Company Culture
COVID-19 / Remote work / Workplace culture

How to have fun as a team while working remotely

fun dept. cofounder Nick Gianoulis stresses that your team still needs to bond, even when it's social distancing.

Working at home shouldn't mean feeling isolated from your team. (Photo by Pexels user Andrea Piacquadio used under a Creative Commons license)

One of the most difficult things workers who have transitioned, abruptly, from fast-paced offices to kitchen tables and living room couches, is the feeling of isolation. On top of the stress of the COVID-19 pandemic, it can be hard to adapt.

Nick Gianoulis and his team have been working remotely for years, meeting in person mainly just for a once-weekly meeting at their space at 1313 Innovation and for events (now online).

The company he cofounded in 2005, fun dept., is all about human connection. Specifically, the biz, which has a national client base that includes companies such as WSFS close to home, helps teams connect through curated games and fun exercises that take five to 15 minutes.

the fun dept

Nick Gianoulis, “The Godfather of Fun.”

As it happens, long before working at home skyrocketed due to social distancing requirements, fun dept. was getting so many requests for games that were tailored for remote workers that it created what it calls Virtual Video Connect, a model that takes those team fun breaks and made them accessible for remote employees.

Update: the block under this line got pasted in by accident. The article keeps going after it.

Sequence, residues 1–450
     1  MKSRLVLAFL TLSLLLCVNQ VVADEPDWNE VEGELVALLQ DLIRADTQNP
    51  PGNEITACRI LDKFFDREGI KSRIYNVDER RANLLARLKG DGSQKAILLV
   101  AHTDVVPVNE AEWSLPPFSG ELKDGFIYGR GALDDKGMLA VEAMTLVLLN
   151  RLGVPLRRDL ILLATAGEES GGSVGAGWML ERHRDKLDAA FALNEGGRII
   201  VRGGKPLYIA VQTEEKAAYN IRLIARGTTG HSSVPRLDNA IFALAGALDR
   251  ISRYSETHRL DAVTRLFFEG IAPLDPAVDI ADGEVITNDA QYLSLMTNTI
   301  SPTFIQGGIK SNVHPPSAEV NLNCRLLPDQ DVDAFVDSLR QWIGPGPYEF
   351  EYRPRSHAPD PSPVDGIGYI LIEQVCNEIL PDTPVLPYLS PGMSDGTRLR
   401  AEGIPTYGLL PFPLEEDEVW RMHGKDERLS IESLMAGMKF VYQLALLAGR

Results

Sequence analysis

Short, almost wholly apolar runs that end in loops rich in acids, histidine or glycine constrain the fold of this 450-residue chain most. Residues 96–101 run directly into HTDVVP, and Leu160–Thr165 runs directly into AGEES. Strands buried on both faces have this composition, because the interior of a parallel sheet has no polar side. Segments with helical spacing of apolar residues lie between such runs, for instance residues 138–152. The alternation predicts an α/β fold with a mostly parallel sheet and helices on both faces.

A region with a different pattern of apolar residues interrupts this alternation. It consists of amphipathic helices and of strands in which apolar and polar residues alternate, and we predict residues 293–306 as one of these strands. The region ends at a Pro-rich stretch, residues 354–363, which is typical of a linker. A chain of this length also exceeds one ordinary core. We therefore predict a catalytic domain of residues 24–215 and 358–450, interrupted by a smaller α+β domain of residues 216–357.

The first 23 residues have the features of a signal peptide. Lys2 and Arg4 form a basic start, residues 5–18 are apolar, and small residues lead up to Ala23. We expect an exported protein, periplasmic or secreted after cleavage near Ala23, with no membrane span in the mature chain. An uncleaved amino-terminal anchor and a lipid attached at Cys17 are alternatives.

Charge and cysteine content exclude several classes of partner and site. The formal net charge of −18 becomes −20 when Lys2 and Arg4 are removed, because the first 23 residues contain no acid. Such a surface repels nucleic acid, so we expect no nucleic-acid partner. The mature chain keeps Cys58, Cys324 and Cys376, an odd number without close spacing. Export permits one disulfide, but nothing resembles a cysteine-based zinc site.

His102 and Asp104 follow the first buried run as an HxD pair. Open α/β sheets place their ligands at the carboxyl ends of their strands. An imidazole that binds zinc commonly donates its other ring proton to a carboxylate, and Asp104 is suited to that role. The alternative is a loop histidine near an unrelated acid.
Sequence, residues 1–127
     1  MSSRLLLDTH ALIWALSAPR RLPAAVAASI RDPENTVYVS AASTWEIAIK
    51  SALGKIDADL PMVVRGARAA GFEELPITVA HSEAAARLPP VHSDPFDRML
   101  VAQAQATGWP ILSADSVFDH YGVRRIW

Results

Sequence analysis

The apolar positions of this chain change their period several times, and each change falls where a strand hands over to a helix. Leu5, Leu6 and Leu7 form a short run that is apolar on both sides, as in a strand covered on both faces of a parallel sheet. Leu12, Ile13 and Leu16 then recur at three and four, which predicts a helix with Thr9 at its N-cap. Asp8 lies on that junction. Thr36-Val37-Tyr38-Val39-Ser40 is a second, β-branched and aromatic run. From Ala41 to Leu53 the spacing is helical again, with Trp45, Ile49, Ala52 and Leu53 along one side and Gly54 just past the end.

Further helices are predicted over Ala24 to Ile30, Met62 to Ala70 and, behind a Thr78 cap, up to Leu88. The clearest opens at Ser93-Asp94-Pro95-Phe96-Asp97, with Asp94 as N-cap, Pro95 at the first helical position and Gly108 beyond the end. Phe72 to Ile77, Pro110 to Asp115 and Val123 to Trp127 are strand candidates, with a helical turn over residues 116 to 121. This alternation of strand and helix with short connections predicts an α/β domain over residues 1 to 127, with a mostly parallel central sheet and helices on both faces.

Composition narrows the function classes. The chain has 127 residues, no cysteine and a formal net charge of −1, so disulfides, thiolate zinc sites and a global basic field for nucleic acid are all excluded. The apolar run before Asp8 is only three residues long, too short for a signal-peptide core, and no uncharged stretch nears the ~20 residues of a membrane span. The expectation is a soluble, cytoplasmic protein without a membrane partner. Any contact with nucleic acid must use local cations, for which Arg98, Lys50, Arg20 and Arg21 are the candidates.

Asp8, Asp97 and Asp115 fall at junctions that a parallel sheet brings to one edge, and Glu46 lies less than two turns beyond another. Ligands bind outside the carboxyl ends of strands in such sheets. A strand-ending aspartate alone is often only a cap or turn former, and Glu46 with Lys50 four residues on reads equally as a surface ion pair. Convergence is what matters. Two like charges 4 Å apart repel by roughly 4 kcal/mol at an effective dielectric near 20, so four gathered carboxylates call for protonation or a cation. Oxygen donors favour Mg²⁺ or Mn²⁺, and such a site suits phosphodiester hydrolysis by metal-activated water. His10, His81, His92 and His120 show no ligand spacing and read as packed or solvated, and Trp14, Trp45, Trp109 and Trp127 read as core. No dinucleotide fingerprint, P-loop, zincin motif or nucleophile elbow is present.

“Our number one question is how do we connect remote employees,” Gianoulis told “Beyond the benefits of remote working such as efficiency and less expense, there is a sense of isolation and not feeling part of the team. That’s one of the realities. But to ease people’s minds, [remote working] is not something that is brand new or a result of coronavirus — it’s something that has proven to be effective and work well.”

Lessening that feeling of isolation virtually can be as simple as taking a few minutes at the beginning of a video meeting to share something simple.

“We recommend things like an activity called ‘background check’ where you go around and have everyone talk about the background photo on their phone,” Gianoulis said. “You will learn more about an individual in those 30 seconds than probably would in five years of working with that person. It’s a great quick way of humanizing a remote meeting.”

Another suggestion? Kick off meetings with a light video that relates to the meeting topic.

“It can be a TikTok or a TED talk or just something that’s flat-out humorous but relevant to your meeting subject,” he said. “For example if it’s a leadership one, there’s the dancing-guy leadership TED Talk video. It puts everyone at ease.”

Here’s the video (which contains poor social distancing, but it’s a good metaphor):

Remember that even if you incorporate something fun into a meeting, to keep it reasonably brief.

“Business interruption is a real thing,” he said. “It’s literally a five- to 15-[minute] break — we’ve recommended that since we started in ’05,” he said.

As for the future of remote work?

“I really think what’s going to happen as a result of [the COVID-19 pandemic] is that people are going to say, ‘Oh [remote work] does work, we now have 30% of our employees working remotely,'” he said, “and I think there’s going to be a further trend toward it.”

Series: How to Work Remotely / Coronavirus

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